• Weight changes, usually weight loss
  • Fatigue
  • Frequent bowel movements
  • Hair loss
  • Increased appetite
  • Increased sweating
  • Menstrual irregularities
  • Heart palpitations
  • Insomnia
  • Nervousness or anxiety
  • Problems with concentration

Although it may be used sometimes, T3 is less helpful in diagnosing hypothyroidism, because T3 is typically the last hormone to become abnormal in hypothyroid patients.

Finding a T3 Test

How to get tested

A free or total T3 test is usually ordered by a doctor, often as part of a panel or group of thyroid tests. Testing is typically performed in a medical setting like a doctor’s office, hospital, clinic, or medical laboratory.

Can I take the test at home?

It is possible to test your free T3 using an at-home test, usually as part of a group of tests.

Most commercially available at-home thyroid test kits are thyroid panels, meaning several thyroid tests are performed on a single blood sample. Which thyroid function tests are included in the thyroid panel may vary slightly from kit to kit.

The commercially available thyroid function test kits require you to provide a blood sample using a finger prick. The sample is then mailed to a lab for testing to be analyzed. After your sample is received and analyzed, your test results will be available via a secure online platform.

Your doctor can help you weigh the pros and cons of at-home thyroid testing for your specific situation. Your doctor is also in the best position to interpret results from an at-home test

How much does the test cost?

The cost of a free or total T3 test will vary depending on factors like where the test is done, whether it is part of a panel of tests, and whether you have health insurance. If your doctor orders a free or total T3 test, insurance typically covers its cost, although you may have to pay a copay or deductible. Your doctor’s office, lab, and health plan can tell you about any out-of-pocket costs that may be your responsibility.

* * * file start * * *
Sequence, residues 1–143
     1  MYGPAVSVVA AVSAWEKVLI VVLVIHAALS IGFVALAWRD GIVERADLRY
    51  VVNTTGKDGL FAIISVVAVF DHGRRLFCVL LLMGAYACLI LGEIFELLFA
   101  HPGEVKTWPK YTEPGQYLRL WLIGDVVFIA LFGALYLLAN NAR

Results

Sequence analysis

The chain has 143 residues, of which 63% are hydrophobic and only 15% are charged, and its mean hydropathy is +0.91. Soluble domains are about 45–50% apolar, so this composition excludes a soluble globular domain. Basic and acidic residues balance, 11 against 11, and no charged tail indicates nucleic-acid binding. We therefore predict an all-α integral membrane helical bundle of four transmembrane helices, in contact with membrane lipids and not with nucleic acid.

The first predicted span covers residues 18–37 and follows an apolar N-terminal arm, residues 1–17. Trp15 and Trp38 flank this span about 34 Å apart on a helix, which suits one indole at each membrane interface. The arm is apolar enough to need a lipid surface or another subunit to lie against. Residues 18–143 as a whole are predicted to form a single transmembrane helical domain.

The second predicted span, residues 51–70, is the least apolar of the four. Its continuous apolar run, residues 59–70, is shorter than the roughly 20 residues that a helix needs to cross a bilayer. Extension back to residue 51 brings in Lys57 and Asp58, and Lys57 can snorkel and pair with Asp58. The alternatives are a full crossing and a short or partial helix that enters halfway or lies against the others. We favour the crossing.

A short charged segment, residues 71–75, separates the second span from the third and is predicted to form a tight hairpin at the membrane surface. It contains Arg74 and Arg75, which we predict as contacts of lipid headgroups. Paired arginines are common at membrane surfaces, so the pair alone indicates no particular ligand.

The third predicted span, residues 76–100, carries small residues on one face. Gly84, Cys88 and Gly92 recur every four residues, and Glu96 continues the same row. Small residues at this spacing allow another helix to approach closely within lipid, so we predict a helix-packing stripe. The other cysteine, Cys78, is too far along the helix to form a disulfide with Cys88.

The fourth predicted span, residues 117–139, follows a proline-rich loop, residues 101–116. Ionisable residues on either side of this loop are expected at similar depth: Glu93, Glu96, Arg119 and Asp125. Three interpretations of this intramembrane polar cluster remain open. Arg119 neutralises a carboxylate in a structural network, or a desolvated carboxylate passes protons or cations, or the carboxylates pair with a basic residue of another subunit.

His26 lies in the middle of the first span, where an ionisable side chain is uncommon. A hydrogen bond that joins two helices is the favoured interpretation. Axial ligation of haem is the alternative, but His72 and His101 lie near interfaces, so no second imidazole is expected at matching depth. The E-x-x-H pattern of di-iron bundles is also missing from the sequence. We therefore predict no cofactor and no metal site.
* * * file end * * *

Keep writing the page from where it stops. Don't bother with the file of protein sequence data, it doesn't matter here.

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Taking a T3 Test

A blood sample is used to measure your free or total T3. The sample will usually be taken from your arm in a medical setting like a physician’s office or hospital and analyzed in a medical laboratory.

Before the test

A number of medications can affect your free or total T3 test results. These include:

  • Birth control pills
  • Female hormones such as estrogen
  • Methadone
  • Some herbs or supplements
  • Steroids
  • Male hormones, or androgens
  • Lithium
  • Propranolol

It is important to ask your doctor if you need to discontinue any medications prior to your test. Do not stop taking any medication without discussing it first with your doctor.

During the test

Most often, a blood sample is taken from a vein in your arm. The person taking the sample may tie a band around your upper arm and will disinfect a small patch of skin. Next, they will insert a needle attached to a collection tube into the disinfected area and withdraw a small amount of blood.

The process of taking a blood sample typically takes no more than three minutes.

After the test

After your blood sample has been removed and the needle is withdrawn, you will be asked to apply gentle pressure to the site with a bandage or a piece of gauze. This stops the site from bleeding and may prevent bruising. Next, a bandage will be applied. You will be able to resume your normal activities following the test.

There are limited risks associated with a blood draw. You may have slight bruising at the site where the sample was extracted.